• Totman, Ruth J

Types of material

  • Genealogies
  • Letters (Correspondence)
  • Memoirs
  • Photographs

Travel Brochures

Travel Brochure Collection, 1921-1949.

1 box (0.25 linear feet).
Call no.: MS 490

Collection of travel brochures for camps, inns, hotels, historic sites, and tourist attractions throughout New England. Most brochures advertise accommodations or attractions in a natural setting, including room rentals at farms, hiking in the White Mountains, and the rivers and mountains of Vermont. Women traveling alone are the target audience of some of the brochures, which promise clean accommodations and wholesome activities. Tourist sites in a few states outside of New England are also included: New York State, Washington, D.C., Virginia, and Ontario.

Subjects

  • Tourism--New England
  • Travel--United States

Turner, Abel

Abel Turner, The Life and Travels of Abel Turner, 1839.

451p. (0.2 linear feet).
Call no.: MS 708 bd

As a young man in Foxcroft, Maine, Abel Turner was caught up in the evangelical revivals and converted to Free Will Baptism, becoming a minister by the age of 21. Beginning in the backwoods settlements, Turner spent the better part of a decade attempting to “convert sinners” in Piscataquis and Penobscot Counties and the in the Burned-Over District of New York state, from Utica to Penn Yan and Cattaraugus County.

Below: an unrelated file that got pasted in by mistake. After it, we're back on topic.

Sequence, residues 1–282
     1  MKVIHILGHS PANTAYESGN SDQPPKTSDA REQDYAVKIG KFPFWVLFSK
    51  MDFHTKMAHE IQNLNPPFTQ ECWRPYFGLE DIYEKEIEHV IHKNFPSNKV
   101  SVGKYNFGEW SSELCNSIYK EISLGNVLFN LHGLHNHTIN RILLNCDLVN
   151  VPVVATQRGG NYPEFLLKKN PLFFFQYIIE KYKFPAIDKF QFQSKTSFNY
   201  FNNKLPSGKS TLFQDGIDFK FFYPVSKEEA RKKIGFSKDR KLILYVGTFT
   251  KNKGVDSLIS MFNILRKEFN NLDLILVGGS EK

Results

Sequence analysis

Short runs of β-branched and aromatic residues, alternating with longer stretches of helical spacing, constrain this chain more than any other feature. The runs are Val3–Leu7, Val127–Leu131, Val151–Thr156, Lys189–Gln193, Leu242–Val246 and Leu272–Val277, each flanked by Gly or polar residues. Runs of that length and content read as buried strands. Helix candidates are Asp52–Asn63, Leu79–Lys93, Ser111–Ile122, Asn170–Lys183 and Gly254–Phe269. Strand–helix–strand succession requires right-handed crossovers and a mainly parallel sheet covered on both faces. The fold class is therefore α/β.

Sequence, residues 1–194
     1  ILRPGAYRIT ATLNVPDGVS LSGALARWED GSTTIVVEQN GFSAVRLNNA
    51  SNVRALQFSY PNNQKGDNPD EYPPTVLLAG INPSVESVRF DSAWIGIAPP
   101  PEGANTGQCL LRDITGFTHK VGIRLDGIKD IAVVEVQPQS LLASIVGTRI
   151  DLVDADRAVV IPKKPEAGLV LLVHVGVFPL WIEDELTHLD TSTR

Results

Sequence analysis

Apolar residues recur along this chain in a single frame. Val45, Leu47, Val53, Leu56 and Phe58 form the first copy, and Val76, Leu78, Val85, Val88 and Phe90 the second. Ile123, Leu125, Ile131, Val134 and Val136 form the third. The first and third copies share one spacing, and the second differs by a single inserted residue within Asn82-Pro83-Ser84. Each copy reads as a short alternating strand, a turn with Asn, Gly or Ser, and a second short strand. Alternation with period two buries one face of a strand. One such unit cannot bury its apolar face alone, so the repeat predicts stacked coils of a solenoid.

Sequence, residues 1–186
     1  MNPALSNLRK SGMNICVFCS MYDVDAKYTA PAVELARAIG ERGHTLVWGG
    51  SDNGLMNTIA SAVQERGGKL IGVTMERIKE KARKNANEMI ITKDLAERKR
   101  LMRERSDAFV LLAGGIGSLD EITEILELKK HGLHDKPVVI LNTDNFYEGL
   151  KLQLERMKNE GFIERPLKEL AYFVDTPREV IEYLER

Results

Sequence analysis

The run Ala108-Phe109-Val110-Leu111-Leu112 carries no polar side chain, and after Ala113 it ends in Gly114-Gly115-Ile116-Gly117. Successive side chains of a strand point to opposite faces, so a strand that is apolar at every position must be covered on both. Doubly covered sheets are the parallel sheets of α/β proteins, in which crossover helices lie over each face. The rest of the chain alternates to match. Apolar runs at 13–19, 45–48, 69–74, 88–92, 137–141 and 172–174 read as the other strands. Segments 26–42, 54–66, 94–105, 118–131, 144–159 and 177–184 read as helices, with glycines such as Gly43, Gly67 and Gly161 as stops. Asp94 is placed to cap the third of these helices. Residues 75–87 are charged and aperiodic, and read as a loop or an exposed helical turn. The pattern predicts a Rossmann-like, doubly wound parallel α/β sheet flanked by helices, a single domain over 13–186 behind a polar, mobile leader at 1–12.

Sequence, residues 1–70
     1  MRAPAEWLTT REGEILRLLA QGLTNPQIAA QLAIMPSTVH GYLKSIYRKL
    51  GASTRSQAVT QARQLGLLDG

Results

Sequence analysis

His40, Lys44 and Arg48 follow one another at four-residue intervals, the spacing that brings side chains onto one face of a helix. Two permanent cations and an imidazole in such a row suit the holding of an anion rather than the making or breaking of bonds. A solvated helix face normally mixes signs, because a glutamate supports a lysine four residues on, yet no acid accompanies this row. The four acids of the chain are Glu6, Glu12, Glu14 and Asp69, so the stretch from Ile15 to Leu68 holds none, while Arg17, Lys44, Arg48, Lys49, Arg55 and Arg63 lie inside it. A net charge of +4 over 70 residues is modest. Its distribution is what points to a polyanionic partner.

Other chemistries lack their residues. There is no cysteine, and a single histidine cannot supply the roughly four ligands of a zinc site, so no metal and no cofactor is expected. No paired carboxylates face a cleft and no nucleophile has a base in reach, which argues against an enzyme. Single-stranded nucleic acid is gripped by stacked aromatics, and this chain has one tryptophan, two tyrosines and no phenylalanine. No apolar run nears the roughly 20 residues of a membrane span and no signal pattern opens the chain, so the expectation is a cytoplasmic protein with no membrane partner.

Written for his wife, Abel Turner’s long and detailed autobiography is a remarkable record of a young Free Will Baptist minister’s labors during the Second Great Awakening. Beginning with his childhood in Maine and his conversion experience, the manuscript provides insight into Turner’s experiences preaching in the rough-hewn interior settlements of Maine and the Burned-Over District of New York from roughly 1821 through 1839. In addition to some wonderful commentary on evangelical religion in the heart of the Awakening and on Turner’s own spiritual development, the memoir includes fascinating descriptions of the towns and people he met along the way.